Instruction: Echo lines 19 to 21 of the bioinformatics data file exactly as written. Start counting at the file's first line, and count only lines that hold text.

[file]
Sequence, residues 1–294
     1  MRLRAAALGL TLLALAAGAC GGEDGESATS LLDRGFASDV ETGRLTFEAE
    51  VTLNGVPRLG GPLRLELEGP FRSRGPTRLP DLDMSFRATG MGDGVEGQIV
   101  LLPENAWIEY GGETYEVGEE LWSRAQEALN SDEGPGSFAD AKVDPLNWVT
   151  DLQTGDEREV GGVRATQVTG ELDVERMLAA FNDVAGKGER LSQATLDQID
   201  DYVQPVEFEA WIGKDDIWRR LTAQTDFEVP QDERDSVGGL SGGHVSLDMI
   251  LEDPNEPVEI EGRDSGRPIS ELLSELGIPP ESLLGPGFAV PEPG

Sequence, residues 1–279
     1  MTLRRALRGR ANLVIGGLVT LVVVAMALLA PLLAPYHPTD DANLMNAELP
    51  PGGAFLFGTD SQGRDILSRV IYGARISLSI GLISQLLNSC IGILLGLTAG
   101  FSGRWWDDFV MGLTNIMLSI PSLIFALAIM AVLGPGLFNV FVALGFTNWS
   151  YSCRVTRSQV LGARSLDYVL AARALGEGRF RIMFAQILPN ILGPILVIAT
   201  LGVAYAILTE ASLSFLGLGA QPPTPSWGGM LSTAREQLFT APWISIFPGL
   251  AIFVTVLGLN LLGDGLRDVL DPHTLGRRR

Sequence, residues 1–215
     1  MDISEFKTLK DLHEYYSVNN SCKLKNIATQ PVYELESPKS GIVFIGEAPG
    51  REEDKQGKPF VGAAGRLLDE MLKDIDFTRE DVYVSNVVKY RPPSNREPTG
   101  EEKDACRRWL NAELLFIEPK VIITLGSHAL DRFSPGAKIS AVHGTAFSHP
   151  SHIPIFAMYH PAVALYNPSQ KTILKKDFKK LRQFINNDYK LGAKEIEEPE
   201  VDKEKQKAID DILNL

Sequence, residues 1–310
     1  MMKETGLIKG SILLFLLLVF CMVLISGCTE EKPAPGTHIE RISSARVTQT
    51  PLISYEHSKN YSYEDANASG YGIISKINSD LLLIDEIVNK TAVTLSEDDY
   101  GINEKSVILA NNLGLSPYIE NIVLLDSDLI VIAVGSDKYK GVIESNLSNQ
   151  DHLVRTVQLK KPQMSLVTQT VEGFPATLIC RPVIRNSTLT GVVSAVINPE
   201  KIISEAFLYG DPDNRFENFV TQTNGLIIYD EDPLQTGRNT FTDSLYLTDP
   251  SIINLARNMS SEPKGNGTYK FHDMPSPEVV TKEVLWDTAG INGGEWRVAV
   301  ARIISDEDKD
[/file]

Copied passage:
   151  SHIPIFAMYH PAVALYNPSQ KTILKKDFKK LRQFINNDYK LGAKEIEEPE
   201  VDKEKQKAID DILNL

Sequence, residues 1–310